Finding the Right Home Inspector -- ASHI Recommends 10 Questions to Help Protect Client, Real Estate Professionals
Public Communications, Inc.
Real estate agents need to have all the answers. At least that is what many homebuyers think. And because selecting a home inspector is one of the most important decisions in the homebuying process, the American Society of Home Inspectors (ASHI) recommends that real estate professionals direct their clients to www.homeinspector.org to locate a home inspector in order to speed the sales process and reduce the agent's liability. Making referrals from among ASHI Inspectors will help ensure that the inspector has met ASHI's membership requirements and subscribes to the nationally recognized standards set by the national organization.
"Homebuyers often look to their real estate professional to guide them through every step of the home buying process," said Steve Gladstone, president of ASHI, the oldest and most respected non-profit, professional organization for home inspectors in North America. "But referring a home inspector is often not the same as offering advice on mortgage loans, appraisals or other services. Because there are so many practicing home inspectors, and because nearly half of the states do not require licensing, the real estate professional's reputation can be at stake if anyone other than the most qualified and objective professionals are being recommended."
Gladstone noted that the organization encourages real estate agents to direct their clients to the ASHI Web site (www.homeinspector.org) where they can choose from a list of home inspectors by using its all-new "Find an Inspector" tool. Part of a complete redesign in ASHI's Web site, the tool allows potential clients to quickly place a call or send an e-mail to an ASHI Inspector in real time. A search can be conducted using one of many criteria, including: zip or area code, metro area or neighborhood, or even an inspector's last name or company name. Partnered with the first-of-its-kind "Virtual Home Inspection," the site is rich with consumer educational resources for both homeowners and real estate professionals alike.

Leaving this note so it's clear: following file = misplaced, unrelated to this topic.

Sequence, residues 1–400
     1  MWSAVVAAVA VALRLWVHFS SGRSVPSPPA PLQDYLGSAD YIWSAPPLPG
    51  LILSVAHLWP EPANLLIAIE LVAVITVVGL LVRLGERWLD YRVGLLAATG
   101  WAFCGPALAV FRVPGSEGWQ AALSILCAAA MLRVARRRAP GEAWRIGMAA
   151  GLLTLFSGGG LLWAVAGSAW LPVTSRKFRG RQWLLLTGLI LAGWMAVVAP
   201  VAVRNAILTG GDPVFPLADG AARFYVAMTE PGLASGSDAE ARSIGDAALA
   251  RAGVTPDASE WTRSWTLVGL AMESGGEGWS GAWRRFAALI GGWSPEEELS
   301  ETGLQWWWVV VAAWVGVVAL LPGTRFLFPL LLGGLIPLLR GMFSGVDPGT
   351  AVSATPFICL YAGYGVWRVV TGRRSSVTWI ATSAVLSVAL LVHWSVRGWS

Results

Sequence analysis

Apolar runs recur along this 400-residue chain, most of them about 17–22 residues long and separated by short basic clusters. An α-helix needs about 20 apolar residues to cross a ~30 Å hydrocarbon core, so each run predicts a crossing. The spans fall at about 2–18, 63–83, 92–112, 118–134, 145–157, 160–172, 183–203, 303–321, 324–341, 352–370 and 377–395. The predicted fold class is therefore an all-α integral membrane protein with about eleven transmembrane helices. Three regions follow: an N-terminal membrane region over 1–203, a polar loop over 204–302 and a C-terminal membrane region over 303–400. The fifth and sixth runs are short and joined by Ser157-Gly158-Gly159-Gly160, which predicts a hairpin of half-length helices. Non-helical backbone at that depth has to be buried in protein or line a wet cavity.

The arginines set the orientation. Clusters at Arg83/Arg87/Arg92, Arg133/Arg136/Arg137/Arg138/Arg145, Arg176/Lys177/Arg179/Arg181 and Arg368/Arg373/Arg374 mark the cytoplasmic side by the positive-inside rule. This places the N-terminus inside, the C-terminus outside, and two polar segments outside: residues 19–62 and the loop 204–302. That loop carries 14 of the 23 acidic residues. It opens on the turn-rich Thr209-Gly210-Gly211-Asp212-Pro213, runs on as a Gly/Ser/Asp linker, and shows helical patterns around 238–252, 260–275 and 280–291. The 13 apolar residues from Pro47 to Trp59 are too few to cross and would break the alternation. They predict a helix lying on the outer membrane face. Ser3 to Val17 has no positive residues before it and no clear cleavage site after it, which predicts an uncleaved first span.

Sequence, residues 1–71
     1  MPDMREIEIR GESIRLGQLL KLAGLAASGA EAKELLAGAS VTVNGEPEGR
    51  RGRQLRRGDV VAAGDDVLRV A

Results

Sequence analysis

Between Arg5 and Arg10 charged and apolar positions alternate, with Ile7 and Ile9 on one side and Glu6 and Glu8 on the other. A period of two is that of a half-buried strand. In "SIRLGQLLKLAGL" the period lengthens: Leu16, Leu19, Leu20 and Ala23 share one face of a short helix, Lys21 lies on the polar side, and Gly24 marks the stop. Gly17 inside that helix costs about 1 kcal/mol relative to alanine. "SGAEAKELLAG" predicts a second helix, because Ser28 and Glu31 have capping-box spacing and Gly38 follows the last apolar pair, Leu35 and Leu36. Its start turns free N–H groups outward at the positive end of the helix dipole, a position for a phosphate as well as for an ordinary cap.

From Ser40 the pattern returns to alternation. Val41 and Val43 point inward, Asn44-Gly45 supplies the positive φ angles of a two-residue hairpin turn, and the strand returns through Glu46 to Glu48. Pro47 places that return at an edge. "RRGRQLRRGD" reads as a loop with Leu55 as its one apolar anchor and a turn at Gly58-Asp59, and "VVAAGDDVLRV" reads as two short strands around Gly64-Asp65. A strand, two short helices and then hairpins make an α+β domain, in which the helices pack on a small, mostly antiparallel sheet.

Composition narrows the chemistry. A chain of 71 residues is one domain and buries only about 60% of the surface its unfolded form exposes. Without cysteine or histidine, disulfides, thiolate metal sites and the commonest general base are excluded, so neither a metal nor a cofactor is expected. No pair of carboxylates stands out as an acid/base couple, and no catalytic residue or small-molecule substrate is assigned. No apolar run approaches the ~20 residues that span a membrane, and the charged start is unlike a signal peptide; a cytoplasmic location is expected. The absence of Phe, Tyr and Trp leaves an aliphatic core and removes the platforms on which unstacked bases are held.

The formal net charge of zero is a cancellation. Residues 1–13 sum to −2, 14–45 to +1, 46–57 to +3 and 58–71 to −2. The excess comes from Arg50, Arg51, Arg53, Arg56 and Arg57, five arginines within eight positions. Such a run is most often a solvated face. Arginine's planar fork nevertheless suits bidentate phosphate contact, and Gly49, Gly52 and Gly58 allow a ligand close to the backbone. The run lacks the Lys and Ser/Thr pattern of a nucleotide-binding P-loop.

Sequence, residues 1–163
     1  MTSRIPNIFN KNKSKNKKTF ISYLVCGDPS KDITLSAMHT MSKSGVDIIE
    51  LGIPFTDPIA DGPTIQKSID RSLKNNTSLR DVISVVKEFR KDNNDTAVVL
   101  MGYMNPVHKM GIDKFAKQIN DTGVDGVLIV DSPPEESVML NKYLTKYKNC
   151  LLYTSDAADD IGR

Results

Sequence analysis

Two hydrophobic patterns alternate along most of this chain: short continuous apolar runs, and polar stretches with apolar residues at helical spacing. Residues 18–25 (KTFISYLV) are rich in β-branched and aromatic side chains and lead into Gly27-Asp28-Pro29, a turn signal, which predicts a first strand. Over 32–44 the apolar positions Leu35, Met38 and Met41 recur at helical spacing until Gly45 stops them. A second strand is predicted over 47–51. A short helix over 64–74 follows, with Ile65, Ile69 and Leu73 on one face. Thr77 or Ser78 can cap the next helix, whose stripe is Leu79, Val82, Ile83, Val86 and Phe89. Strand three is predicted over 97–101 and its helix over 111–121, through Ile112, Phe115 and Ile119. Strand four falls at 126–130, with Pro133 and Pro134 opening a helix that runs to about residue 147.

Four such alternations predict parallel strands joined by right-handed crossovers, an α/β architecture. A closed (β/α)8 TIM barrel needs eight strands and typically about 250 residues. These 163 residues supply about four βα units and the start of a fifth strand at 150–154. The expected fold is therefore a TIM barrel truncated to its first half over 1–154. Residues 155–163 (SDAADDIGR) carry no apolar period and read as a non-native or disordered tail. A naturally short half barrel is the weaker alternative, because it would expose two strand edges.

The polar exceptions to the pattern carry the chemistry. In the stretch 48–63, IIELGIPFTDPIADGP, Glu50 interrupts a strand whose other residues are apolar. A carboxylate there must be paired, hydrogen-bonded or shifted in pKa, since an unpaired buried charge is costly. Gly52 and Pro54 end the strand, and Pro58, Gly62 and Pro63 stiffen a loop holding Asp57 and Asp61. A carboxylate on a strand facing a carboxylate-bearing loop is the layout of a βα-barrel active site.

"The Web site makes it easy to recommend ASHI Inspectors, all of whom have agreed to meet the ASHI Standards of Practice, while still allowing the homebuyer to make the final choice," said Gladstone. "It's a real win-win process, since real estate agents can increase their confidence factor with buyers and may even reduce their liability," he claims.
According to Gladstone, once a consumer has narrowed down the list of potential inspectors, it is important to interview each one to understand what the inspection will cover and to verify the inspector's experience. Real estate professionals may want to advise their clients to ask the following questions before hiring an inspector:
- 1. Is the inspector a Member of the American Society of Home inspectors (ASHI)?
- 2. What does the inspection cover? Make sure the inspection and the inspection report meets the customer's needs and complies with the ASHI Standards of Practice.